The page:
If you don't wrestle with your issues, you won't grow and you won't achieve the potential for which Hashem put you here.
(Although we needn’t necessarily share this struggle with others because many people have not worked out their own issues and will be judgmental and otherwise unhelpful. It depends on who you speak with.)
But first, you need to be able to acknowledge that you have the issue.
It’s interesting (and tragic) that when many people first wrestle with their issues, they ruminate about it in their minds – sometimes delving further into Torah study and mitzvah observance in order to escape their discomfiting thoughts and feelings – and consult with someone else (who is often not entirely helpful), and then start investigating outside sources, often “testing” Hashem by transgressing some core mitzvah to see whether they’ll be struck with lightening or something (generally, they won’t be).
What they usually don’t do is turn directly to Hashem and discuss it with Him using the same amount of time and energy they invest in dealing with it via the other methods.
(Note: I am not belittling in any way Torah learning or mitzvoth as a way of dealing with spiritual angst, but sometimes they’re used as escape or repression when, really, Hashem is throwing a curve ball in order to bring you closer to Him in a very personal and intimate way.)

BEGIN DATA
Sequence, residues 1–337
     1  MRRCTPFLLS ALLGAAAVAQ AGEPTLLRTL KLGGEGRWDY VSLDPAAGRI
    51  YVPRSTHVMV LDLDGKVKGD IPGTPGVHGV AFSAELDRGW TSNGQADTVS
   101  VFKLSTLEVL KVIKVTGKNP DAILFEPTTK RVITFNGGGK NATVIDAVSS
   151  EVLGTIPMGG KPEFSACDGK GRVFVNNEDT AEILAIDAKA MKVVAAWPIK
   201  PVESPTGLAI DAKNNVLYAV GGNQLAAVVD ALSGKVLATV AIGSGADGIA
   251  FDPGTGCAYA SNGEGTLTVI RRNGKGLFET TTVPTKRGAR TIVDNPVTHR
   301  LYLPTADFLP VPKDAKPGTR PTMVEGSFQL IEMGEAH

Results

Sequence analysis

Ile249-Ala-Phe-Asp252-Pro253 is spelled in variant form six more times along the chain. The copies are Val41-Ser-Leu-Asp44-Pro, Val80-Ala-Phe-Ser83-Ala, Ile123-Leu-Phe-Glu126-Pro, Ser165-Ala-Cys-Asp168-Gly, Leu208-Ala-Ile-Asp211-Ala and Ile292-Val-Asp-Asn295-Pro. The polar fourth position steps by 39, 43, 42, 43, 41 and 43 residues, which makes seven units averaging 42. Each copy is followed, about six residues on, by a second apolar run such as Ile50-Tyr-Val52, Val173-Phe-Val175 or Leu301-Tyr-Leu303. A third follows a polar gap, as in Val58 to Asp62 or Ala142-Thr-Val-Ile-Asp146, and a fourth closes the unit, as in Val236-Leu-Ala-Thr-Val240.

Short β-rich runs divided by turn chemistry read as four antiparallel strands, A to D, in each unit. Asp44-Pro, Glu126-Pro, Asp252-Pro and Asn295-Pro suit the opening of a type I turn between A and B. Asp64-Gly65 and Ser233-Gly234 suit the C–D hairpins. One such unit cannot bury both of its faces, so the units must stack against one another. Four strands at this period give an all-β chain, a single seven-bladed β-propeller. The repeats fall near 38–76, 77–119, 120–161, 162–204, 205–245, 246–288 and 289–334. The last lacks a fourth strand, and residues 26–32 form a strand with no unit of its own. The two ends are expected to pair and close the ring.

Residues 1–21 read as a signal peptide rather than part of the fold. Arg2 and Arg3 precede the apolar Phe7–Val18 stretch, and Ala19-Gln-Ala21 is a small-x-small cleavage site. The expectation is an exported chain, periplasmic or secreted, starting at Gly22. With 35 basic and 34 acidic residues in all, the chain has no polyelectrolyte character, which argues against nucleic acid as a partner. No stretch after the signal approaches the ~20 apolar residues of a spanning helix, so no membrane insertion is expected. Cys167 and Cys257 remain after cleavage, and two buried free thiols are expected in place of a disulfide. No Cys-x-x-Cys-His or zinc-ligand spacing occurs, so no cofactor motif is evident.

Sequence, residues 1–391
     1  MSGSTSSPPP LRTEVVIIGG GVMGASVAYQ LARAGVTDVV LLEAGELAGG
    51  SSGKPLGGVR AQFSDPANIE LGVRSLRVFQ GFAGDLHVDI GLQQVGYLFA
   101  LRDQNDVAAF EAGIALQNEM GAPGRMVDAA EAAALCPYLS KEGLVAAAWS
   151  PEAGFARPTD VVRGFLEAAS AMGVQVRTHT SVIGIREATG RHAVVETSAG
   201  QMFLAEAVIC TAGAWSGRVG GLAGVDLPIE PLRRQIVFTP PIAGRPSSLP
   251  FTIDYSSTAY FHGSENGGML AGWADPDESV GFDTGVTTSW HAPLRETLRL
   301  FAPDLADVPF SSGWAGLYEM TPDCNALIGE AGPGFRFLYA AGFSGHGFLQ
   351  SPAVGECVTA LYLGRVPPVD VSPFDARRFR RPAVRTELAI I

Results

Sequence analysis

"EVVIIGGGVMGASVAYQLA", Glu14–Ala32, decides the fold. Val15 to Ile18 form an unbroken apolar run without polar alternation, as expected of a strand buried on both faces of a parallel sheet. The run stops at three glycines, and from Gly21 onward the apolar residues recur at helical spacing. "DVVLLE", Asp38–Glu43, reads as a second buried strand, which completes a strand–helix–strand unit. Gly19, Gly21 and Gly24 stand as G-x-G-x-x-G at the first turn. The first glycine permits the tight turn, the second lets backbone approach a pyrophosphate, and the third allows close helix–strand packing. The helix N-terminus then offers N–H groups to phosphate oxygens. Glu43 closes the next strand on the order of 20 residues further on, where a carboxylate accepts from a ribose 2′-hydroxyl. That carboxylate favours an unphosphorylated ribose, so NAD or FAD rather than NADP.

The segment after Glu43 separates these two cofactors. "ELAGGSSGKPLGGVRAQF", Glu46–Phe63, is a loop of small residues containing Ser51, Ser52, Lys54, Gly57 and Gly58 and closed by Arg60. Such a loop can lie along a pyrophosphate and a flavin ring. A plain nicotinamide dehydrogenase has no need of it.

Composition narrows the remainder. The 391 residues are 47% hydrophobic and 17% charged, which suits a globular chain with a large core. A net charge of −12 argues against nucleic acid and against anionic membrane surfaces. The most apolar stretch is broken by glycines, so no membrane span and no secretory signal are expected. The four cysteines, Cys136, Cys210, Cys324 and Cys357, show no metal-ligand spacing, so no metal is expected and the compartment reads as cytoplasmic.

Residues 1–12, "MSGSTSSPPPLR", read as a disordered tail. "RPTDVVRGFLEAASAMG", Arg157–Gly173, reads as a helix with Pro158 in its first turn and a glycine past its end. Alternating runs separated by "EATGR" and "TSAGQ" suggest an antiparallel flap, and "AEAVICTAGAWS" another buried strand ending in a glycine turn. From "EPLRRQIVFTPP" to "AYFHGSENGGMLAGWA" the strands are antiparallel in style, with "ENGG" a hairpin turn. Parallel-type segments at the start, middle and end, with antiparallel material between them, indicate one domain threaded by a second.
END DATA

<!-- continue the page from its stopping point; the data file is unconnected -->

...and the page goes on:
The Ideal Way to Lead an Examined Life
In Rebbe Nachman’s story of The Cripple, the cripple finds himself alone in a forest with nothing to eat except herbs and grasses and no way out. He forages for a while and then:
Once, he came to an herb the likes of which he had never eaten before. This herb pleased him very much, because he had been eating grasses for a long time, so he knew them very well, and such an herb he had never seen before. He came to the decision to tear it out with its root. Under the root was a diamond.
The Leviat Hachen (Rabbi Levi Yitzchak Bender ztz”l) explains:
….when the cripple found a new herb possessing a flavor he’d never tasted before, he didn’t think it was a coincidence. But even in the difficult situation in which he found himself, he was able to compose his mind and delve into the root of the matter. And this comes to hint to us that it is forbidden to ascribe anything to natural occurrence and coincidence, God forbid. On the contrary, one must pay good attention to everything and to every change that occurs under the sun, to analyze with his mind and to delve into the root of every matter, to examine and to ask why Hashem made it like this.
And the root of every matter is emuna.
The cripple’s scrutiny of the herbs and grasses led him to find the diamond which eventually led him to complete spiritual and physical healing, signifying the achievement of his spiritual potential, which in turn, allowed him to heal the world.
So when we come across something in our life or in ourselves, we shouldn’t just brush it off. We should face it and take it to Hashem – and then see where He takes us.
The translation of the Kli Yakar is from Rabbi Elihu Levine’s superb rendering of Shemot I from Menucha Publishers.
The translation of the Leviat Hachen is my own and any errors are also mine.